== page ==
Teaching Assistants’ Strikes Broaden

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Teaching Assistants rally at the Durham miners’ hall, Redhills

Durham and Derby teaching assistants (TAs) have been taking strike action over the past month in defence of their rights and terms and conditions of work. These actions began with a 48-hour strike by TAs in Durham on November 8-9 in response to an attack on their pay amounting to cuts of as much as 23%.

The strikers, members of Unison and ATL, held a huge rally of some 1,200 TAs. “If Durham council underestimated the strength and passion of Durham teaching assistants, they won’t now,” declared Unison General Secretary Dave Prentis, speaking at the rally. “We will fight this pay cut and we will win.”

The TAs’ blog “Lions of Durham” explains:

“This is not action we are taking lightly but we have been forced into it by the Council’s refusal to discuss an alternative to imposing 23% pay cuts for working the same hours or 10% pay cut for working an ADDITIONAL 175.5 hours a year (many TAs are unable to work the extra hours or have not been offered them).

“Teaching Assistants are already low paid (particularly in County Durham) and we simply cannot afford to continue in our jobs while losing up to £4,600 a year. Our jobs will not have changed when we return to work in January: we will still be expected to mark, to plan, to support and, yes, to TEACH.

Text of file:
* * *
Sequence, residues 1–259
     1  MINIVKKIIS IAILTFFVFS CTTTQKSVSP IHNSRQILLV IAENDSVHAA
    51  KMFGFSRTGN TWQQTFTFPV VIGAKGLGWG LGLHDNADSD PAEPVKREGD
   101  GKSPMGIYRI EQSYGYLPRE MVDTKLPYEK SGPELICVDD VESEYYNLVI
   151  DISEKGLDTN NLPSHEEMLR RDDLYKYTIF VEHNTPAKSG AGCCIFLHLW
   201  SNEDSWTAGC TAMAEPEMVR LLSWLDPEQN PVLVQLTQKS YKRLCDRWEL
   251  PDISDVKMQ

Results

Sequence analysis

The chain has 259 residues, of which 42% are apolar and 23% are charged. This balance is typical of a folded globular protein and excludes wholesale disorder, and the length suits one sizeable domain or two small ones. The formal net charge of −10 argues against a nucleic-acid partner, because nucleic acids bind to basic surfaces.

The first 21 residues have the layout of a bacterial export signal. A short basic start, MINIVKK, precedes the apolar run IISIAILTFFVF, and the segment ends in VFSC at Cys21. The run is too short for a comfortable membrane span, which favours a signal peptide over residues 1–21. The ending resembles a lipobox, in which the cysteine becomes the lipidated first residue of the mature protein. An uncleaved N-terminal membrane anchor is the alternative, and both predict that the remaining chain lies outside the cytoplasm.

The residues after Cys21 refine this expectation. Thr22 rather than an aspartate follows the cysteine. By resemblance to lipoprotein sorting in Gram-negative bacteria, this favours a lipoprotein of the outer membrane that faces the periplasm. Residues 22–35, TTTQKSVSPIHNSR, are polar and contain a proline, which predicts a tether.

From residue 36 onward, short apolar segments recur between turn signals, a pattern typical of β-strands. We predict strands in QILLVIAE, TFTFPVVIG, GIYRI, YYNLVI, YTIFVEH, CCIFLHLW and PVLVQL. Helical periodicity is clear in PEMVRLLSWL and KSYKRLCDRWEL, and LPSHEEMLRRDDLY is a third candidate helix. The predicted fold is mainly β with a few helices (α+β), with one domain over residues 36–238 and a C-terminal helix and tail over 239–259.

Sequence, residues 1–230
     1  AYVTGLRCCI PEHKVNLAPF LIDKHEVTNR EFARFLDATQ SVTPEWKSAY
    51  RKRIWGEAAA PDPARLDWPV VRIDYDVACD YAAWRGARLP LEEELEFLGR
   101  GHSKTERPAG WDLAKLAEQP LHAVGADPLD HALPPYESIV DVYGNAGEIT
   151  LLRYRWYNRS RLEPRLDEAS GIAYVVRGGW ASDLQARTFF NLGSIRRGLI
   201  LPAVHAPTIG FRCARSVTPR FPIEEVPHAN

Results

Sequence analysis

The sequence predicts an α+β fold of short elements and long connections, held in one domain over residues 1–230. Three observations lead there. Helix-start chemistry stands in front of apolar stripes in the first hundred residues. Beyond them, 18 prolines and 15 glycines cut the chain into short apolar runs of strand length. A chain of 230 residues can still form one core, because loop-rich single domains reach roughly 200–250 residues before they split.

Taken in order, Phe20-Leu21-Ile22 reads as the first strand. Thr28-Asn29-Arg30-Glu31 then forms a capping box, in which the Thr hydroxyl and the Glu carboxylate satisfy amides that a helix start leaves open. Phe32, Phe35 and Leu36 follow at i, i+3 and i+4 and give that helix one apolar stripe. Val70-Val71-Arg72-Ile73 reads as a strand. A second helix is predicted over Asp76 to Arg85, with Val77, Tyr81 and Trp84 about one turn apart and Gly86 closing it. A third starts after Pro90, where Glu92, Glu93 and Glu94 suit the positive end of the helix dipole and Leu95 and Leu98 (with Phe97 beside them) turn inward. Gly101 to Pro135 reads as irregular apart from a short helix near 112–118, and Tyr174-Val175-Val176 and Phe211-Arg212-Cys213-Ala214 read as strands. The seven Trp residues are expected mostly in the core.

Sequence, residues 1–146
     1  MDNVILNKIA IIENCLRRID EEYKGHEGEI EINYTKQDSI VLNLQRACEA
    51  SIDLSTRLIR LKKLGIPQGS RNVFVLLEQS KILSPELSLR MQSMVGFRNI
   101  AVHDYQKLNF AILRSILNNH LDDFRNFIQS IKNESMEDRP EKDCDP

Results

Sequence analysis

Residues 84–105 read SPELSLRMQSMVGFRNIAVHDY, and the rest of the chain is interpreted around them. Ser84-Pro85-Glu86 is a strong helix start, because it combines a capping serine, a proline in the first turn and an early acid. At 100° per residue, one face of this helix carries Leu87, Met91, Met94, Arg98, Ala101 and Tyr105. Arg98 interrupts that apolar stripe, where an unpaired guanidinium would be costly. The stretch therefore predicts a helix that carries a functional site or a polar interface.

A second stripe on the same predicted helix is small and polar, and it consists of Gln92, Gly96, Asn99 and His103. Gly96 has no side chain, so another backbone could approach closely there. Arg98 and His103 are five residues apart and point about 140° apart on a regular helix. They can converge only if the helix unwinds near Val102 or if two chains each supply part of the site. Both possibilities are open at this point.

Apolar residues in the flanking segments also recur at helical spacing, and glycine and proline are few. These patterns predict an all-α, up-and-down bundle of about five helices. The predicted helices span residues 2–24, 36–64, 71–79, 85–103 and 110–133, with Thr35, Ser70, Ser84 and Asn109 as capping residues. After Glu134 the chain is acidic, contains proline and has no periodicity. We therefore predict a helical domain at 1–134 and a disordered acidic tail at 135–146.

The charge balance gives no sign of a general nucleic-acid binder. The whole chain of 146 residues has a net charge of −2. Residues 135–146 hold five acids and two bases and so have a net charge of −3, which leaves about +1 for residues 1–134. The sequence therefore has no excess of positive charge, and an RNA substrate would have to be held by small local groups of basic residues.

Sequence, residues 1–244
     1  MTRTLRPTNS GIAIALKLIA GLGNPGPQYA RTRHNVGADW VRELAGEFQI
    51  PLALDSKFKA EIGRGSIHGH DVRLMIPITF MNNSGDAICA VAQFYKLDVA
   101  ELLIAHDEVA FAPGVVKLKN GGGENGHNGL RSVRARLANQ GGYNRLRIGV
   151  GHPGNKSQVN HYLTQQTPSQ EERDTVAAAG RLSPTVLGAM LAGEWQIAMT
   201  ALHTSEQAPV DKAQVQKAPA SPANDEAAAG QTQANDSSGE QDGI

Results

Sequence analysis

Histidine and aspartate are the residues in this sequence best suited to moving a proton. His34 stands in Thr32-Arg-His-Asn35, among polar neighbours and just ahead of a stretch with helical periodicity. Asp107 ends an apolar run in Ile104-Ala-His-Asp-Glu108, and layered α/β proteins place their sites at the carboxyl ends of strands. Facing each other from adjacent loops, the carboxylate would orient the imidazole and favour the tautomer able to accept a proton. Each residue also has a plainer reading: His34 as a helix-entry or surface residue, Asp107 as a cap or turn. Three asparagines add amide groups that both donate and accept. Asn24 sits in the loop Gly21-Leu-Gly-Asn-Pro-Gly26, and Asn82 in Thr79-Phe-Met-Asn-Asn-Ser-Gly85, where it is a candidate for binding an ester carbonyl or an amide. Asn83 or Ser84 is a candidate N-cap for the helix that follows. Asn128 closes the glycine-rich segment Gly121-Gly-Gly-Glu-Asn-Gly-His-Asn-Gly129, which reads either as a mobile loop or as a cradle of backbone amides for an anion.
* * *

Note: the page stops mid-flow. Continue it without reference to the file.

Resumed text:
“Durham County Council like to refer to us as ‘non-teaching staff’ but anyone who has worked in a school or had a child in school knows that Teaching Assistants teach all of the time. Many years ago, we were Teaching Assistants; now we are Assistant Teachers. We teach 1:1, small groups, large groups and whole classes. When we teach whole classes, we mostly do it without any support (whereas teachers have a TA to support them).”

The Durham TAs further explain that they “have always been prepared to do whatever is needed to support the teachers, the children and their families. This has involved huge amounts of unpaid overtime spent planning, marking, preparing resources, taking children on trips, going on residentials.”

A further 48-hour strike took place on November 23 and 24. To fund this ongoing fight, the Durham TAs have set up a crowdfunding campaign, which has raised an impressive £36,268 at the time of writing:www.justgiving.com/crowdfunding/CountyDurhamTeachingAssistants

This site outlines the history of the dispute:

“In Oct ’15 proposals were announced to change the terms and conditions of the contracts of employment for 2,700 Teaching Assistants. We have rejected 3 slightly varied proposals to date, offering only 1 year’s compensation for loss of income, and this could result in us being sacked on December 31, 2016 and reinstated on January 1, 2017 under new terms and conditions. These relatively low paid workers provide invaluable assistance to teachers and we strongly object to the way the need for these changes, under threat of inequality pay claims, have been presented by our employer.

“TAs have come together and after organising initial meetings, formed the County Durham Teaching Assistants Activists Committee (CDTAAC). Donations have begun to be received and we hope to fund legal advice and industrial action.

“The strength of feeling is such that 500 TAs attended a meeting at Redhills Miners Hall supported by Durham TUC and subsequently 800 TAs marched at the Durham Miners Gala gaining support from unions at a national level and from Jeremy Corbyn and the Labour Party.